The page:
Gaps in Child Flourishing Narrow with Family Resilience and Connection

Less than half of school-aged children in the U.S. are flourishing, according to a new study led by researchers at the Johns Hopkins Bloomberg School of Public Health. However, children living in families with higher levels of resilience and connecti...

– Johns Hopkins Bloomberg School of Public Health

Health Affairs


New Study Examines Head-CT Examination & Patient Complexity

Computed tomography (CT) of the head uses special x-ray equipment to help assess head injuries, dizziness, and other symptoms of the brain. This new study, published online in Current Problems in Diagnostic Radiology, evaluates the complexity of pati...

– Harvey L. Neiman Health Policy Institute

Current Problems in Diagnostic Radiology


New findings could lead to improved vaccinations against sexually transmitted infections

In a study published today in the Nature Communications, researchers from King's College London have shown how skin vaccination can generate protective CD8 T-cells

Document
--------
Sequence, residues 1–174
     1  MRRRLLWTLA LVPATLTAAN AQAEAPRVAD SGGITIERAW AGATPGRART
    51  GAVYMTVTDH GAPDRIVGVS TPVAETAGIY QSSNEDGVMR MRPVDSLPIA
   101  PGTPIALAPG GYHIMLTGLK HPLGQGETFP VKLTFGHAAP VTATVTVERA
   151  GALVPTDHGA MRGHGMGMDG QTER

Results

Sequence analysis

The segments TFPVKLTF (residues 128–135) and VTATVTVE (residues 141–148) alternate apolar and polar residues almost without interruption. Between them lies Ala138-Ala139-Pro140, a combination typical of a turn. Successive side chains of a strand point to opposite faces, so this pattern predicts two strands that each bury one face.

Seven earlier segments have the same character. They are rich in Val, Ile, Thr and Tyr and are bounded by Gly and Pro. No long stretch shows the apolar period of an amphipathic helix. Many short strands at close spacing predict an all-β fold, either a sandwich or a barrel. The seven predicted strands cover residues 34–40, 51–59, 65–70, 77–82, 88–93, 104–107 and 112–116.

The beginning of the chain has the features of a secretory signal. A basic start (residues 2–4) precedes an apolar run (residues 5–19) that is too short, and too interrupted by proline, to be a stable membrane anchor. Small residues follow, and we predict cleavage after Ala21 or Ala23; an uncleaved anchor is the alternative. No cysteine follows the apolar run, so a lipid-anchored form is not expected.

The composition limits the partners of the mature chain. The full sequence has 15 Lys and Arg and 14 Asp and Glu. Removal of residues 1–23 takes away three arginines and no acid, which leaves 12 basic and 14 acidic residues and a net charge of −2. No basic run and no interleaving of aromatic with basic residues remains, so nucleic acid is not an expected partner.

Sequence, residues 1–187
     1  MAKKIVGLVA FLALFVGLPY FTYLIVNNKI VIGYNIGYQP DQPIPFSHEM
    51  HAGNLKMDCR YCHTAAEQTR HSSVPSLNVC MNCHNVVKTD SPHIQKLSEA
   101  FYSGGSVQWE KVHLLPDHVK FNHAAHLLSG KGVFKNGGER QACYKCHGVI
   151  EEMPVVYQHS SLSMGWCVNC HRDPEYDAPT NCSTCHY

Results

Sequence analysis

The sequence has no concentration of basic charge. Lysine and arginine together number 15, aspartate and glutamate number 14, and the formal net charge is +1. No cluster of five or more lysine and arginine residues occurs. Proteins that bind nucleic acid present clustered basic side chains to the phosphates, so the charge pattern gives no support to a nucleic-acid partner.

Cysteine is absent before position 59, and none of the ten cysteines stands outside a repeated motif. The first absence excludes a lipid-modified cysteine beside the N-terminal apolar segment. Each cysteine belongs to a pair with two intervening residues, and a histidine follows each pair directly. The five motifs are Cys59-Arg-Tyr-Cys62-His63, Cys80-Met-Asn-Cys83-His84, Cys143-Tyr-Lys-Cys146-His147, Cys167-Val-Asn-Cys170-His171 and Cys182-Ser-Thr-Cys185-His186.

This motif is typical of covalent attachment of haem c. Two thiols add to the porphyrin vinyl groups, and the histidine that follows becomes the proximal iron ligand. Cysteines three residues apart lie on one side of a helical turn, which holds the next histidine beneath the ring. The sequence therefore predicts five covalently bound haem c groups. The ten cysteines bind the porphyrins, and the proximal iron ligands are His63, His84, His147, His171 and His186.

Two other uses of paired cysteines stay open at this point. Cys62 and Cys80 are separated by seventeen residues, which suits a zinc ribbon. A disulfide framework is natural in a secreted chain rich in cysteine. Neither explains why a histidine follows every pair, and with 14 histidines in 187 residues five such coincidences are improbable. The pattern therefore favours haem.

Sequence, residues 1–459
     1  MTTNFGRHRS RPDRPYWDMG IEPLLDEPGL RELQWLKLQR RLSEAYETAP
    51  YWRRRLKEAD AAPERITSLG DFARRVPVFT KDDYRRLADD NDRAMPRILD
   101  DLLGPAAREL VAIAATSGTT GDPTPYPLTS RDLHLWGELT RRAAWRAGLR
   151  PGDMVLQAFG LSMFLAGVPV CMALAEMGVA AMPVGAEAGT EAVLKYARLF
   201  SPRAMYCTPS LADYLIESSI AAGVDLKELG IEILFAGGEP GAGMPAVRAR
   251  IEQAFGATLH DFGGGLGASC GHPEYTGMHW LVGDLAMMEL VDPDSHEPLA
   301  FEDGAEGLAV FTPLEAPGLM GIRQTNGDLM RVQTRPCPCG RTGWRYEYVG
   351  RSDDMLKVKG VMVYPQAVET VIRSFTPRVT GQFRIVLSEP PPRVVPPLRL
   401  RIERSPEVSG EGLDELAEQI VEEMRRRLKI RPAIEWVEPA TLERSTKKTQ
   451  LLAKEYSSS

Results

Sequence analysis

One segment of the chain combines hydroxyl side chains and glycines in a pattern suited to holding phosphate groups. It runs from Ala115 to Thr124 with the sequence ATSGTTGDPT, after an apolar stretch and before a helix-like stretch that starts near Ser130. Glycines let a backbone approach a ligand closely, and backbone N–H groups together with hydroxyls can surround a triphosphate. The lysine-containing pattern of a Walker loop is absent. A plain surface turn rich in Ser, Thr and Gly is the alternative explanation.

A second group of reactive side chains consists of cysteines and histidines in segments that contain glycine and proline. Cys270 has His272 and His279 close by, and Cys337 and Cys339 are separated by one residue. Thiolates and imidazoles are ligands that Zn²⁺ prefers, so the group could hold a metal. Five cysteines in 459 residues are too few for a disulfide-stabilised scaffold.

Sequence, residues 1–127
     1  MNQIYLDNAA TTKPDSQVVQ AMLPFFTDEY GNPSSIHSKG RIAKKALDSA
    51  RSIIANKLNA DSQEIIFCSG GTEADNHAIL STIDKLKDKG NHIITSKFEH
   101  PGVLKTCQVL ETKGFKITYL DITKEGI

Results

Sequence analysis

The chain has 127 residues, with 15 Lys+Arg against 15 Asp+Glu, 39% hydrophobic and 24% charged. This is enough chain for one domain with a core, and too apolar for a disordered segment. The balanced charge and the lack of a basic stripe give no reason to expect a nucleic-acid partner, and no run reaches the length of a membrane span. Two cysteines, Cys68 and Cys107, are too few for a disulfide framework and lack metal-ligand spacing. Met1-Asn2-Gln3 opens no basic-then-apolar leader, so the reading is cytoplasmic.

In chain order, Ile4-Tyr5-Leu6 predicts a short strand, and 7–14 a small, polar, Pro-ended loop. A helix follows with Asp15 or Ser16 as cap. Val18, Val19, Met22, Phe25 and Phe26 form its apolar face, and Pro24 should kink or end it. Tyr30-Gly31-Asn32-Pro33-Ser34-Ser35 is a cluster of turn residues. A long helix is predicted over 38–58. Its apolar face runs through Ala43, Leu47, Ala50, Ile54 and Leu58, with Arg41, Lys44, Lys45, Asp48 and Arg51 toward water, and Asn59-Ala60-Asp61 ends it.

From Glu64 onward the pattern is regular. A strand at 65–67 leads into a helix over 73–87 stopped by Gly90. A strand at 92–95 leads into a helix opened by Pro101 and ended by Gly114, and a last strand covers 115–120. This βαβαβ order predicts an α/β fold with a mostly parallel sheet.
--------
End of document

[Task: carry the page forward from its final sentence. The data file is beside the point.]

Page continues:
– King's College London

Nature Communications KEYWORDS


Prostate Cancer Research Examines Radiation Protocol for the Whole Pelvis

In a new study published by European Urology, UCLA researchers and colleagues from ten other institutions examined the protocol for treating aggressive prostate cancer. With aggressive forms of this disease, it is often unclear if radiation therapy s...

– University of California, Los Angeles (UCLA), Health Sciences

European Urology


Cedars-Sinai Volunteers Turn Music Into Medicine

Just hours before Rebecca Woolf's 44-year-old husband died of pancreatic cancer, the melodic tones of a harp wafted into his hospital room. Rebecca describes the music as a gift. Cedars-Sinai’s long-running Music for Healing program dispatches musi...

– Cedars-Sinai

16-May-2019


Ultrasound Used To Trigger Insulin Release in Mice Shows Promise for Future Diabetes Therapy

Current treatments of Type 2 diabetes can help the body use insulin at various stages of the disease, but they can also be expensive and subject patients to lifelong medication regimens and side effects. Thanks to new therapeutic ultrasound technolog...